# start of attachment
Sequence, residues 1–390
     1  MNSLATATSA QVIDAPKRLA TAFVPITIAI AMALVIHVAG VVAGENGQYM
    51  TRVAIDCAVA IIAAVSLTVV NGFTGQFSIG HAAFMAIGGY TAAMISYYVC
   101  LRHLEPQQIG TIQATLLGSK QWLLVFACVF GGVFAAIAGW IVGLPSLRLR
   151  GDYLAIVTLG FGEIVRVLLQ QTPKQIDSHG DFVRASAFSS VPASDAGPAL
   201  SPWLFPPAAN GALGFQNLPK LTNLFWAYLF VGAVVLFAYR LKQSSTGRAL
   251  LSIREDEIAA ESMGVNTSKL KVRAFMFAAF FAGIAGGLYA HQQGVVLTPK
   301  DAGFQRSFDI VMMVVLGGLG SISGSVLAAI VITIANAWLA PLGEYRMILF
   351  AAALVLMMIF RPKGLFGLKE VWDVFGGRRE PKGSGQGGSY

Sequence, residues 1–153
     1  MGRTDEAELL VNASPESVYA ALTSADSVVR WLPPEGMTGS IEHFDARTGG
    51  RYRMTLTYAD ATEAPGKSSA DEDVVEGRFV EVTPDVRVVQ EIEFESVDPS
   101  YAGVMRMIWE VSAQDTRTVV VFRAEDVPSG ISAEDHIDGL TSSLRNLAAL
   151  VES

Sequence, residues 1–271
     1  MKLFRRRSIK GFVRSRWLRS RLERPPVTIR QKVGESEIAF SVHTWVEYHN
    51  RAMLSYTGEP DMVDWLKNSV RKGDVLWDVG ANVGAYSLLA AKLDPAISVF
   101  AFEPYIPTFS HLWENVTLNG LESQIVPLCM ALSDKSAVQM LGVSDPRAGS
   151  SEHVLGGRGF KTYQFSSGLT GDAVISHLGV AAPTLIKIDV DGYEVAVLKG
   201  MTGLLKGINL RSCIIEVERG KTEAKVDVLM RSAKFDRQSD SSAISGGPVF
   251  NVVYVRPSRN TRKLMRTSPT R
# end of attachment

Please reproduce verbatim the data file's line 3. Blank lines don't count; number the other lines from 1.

    51  TRVAIDCAVA IIAAVSLTVV NGFTGQFSIG HAAFMAIGGY TAAMISYYVC